This was a major victory: Iranian arms for Hizbullah can now go through from Syria to destination unobstructed. In more than two years of battling the Assad regime, this was one of the rebels' most devastating losses after three weeks of bitter fighting and the last of a whole row of recent setbacks. Bashar Assad in contrast has gained huge advantages from his al Qusayr victory, as DEBKAfile's military sources report:

It cuts off the Syrian rebels' main supply and communications route via Lebanon through which their Arab backers Saudi Arabia, Qatar, the UAE to send them fighters, arms and funds; rebel positions in the nearby town of Homs become increasingly vulnerable, as the Syrian army regains control of the main highway links between Damascus, Homs and Aleppo; and after the rebels were pushed out of Al-Qasayr, Turkey remains their only accessible source of supplies.

However, Turkish Prime Minister Tayyip Erdogan has made a sudden U-turn. He had promised publicly to lobby for no-fly zones in his meeting with President Barack Obama at the White House Friday, May 17, to shield rebel forces in different parts of the country from Syrian air strikes. Instead, Edrogan threw his support between the international conference sponsored by Washington and Moscow for resolving the Syrian conflict. This told the rebels that the supportive Turkish channel was closing down.

It is obvious to them that the conference can only succeed if Washington comes over to the Russian-Iranian-Hizbullah side and agrees to the perpetuation of the Assad party's role in any future government.

As yet, neither of the contestants has agreed to attend the conference for which no date has been set. However, Turkish backing and arms supplies through its territory are expected to shrink progressively to squeeze the rebels into accepting a formula which would be tantamount to bowing to the defeat of their uprising.

For Israel, the fall of al Qusayr means that while rebel supply routes are shut down, supply routes open up for the free movement of Iranian weapons from Syria straight to Hizbullah strongholds in Lebanon. This would be Hizbullah's reward for its military aid to Assad's army.

If Prime Minister Netanyahu was serious about his promise Sunday to cut off Hizbullah's weapon routes from Syria, he has three primary options to choose from – none of them easy, to say the least. a) Military intervention in al Qusayr before the Syrian army and Hizbullah clinch their takeover of this strategic byway town. This would catapult Israel into full-blown war with Syria and Hizbullah and is therefore a non-starter; b) Bombardment of the convoys carrying arms from Syria to Lebanon. This won't do much good. Having learned its lesson from the three Israeli air strikes against arms convoys and depots this year, Syria has now transferred the hardware disassembled into component parts and passed them out among smuggling rings and to move them under cover of dark into Lebanon; and c) Attacks on the destination of those weapons – Hizbullah depots in the Hermel – after their delivery. This would almost certainly trigger Hizbullah war action against Israel.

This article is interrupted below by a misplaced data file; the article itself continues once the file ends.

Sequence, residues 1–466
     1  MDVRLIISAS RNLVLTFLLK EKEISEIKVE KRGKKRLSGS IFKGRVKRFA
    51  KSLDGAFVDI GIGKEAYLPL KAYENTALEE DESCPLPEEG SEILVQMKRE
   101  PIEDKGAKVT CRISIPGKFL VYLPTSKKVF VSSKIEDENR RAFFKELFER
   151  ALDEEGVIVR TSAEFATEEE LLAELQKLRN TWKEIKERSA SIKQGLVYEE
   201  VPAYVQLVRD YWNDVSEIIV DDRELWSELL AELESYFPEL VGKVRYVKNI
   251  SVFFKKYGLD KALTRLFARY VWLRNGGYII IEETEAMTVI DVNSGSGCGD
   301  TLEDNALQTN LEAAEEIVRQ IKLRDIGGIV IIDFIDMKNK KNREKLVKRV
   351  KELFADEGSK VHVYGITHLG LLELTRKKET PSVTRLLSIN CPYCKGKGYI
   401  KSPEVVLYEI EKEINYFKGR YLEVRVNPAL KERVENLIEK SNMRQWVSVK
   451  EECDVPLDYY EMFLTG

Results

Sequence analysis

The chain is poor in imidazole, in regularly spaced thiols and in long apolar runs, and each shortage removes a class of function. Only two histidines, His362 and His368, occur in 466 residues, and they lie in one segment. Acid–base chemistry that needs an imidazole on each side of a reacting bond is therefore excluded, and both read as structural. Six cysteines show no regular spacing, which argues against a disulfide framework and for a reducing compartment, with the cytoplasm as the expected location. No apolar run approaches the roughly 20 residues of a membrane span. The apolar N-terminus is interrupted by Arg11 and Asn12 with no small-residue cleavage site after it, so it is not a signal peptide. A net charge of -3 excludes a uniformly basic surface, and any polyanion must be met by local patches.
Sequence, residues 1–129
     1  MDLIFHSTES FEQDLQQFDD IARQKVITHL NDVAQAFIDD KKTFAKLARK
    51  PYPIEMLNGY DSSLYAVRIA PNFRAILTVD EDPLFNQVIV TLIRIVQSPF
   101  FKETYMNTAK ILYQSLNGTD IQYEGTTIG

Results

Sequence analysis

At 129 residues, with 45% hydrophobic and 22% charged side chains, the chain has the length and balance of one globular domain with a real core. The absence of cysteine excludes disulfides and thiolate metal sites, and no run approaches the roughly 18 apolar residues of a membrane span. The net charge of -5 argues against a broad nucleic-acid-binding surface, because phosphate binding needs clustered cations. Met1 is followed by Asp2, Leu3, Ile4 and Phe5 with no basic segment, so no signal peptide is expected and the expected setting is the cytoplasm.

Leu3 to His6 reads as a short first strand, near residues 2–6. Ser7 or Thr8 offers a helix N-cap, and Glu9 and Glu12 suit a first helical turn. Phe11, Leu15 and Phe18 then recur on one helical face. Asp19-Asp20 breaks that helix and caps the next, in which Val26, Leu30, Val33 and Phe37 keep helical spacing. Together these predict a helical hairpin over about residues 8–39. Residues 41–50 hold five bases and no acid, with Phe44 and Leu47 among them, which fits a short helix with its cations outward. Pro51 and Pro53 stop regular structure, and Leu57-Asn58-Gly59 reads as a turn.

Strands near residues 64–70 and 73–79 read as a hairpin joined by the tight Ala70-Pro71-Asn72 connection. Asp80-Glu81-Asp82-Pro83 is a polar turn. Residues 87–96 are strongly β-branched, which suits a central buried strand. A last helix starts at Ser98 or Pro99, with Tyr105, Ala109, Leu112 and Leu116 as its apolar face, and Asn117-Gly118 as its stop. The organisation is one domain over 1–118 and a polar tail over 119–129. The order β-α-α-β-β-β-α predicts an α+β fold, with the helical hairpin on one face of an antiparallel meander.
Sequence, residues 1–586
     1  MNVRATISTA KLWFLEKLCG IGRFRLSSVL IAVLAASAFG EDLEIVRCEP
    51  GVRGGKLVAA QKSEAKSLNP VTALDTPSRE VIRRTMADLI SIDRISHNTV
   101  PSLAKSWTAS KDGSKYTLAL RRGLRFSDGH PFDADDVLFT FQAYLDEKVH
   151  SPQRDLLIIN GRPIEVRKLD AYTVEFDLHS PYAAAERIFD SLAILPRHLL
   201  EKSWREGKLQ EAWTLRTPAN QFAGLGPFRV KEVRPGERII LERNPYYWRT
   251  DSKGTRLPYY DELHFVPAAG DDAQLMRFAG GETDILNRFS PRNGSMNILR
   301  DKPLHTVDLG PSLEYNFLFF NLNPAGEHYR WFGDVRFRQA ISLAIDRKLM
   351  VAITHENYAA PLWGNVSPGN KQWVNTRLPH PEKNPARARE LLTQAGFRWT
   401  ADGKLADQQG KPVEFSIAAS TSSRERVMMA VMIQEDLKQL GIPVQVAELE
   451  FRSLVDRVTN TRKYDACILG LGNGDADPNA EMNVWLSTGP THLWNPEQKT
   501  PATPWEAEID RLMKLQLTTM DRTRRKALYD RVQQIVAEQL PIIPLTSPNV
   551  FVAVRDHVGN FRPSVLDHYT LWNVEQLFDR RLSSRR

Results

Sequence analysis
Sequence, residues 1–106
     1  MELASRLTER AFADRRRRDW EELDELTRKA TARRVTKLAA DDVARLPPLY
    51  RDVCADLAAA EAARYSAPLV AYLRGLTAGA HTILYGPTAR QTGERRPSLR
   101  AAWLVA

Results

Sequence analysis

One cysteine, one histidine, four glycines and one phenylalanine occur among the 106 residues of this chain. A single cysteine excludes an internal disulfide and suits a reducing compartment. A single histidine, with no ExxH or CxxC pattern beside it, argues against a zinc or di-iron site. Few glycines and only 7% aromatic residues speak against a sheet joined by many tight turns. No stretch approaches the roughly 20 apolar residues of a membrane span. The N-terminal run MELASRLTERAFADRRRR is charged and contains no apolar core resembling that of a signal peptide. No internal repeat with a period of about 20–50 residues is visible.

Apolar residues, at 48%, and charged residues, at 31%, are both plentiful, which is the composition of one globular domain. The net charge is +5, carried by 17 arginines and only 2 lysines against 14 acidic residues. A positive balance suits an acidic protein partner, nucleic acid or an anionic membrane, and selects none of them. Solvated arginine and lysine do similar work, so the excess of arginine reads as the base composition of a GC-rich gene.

Iran Kills 2 for Spying for Israel, US


Iran hanged two convicted spies on Sunday, one accused and found guilty of working for Israel, the other for the United States, the AFP news agency reports, based on an announcement from the Tehran prosecutor's office. The Israeli government did not comment on the event.

Mohammad Heydari was convicted of "receiving payment to provide intelligence on various security issues and national secrets in repeated meetings with the Mossad," Israel's intelligence agency, a statement said.

Koroush Ahmadi was found guilty of "providing intelligence on various issues to the CIA." The statement did not give further details.

Iran accuses Israel and the United States of waging a deadly campaign of sabotage against its nuclear program and has announced a string of arrests of alleged agents in recent years.

In May last year, Iran executed Majid Jamali Fashi after convicting him of spying for the Mossad and of playing a key role in the January 2010 assassination of a top nuclear scientist in return for payment of $120,000.

Iran is also still holding US-Iranian national, Amir Mirzai Hekmati, a former US Marine, whom it accuses of being an operative of the Central Intelligence Agency, despite vigorous denials by both Washington and his family.

Sa'ar Signs 'Double Tax' Bill on Empty Apartments


Interior Minister Gideon Sa'ar on Sunday authorized the collection of a double portion of real estate tax (arnona) on homes and apartments that are unoccupied. Sa'ar signed an executive order requiring the payments, based on laws that give him the ability to do so. In a statement, Sa'ar said that the move would increase the number of apartments on the rental market, as owners seek to reduce their tax burdens.

The order must also be approved by the Finance Minister. Sa'ar told the cabinet Sunday that he had submitted the rule change to Finance Minister Yair Lapid for approval. Lapid, who also heads a ministerial committee dedicated to lowering the price of housing, is expected to approve the order.

Under the rule change, owners of empty apartments and homes will have to pay an additional annual real estate tax of 3.5% of the value of their property. Individuals who live in Israel and own only one property and do not live there for personal reasons will be exempt.

Buying a home in Israel is expensive in many areas, but renting an apartment in large cities can be even more expensive, on a monthly basis. Apartments for rent in Israel are supplied almost solely from the private housing market; there are nearly no apartment buildings that are owned by a landlord for rental purposes, as there are in the U.S. and other countries. As a result, rental prices in many neighborhoods are very high, and young couples who cannot afford a down payment to buy a home are forced to spend a large part of their income to rent by the month, instead of saving a portion of their salaries for a down payment to buy a home.

The problem is especially acute in Jerusalem, Tel Aviv, Netanya, and other large cities, where foreign residents have bought prime homes and apartments for investment purposes or as vacation homes, coming to live in them for just a few weeks out of the year. Sa'ar said he hoped that the new regulations would encourage homeowners to rent out their apartments and homes, thus avoiding steep fees.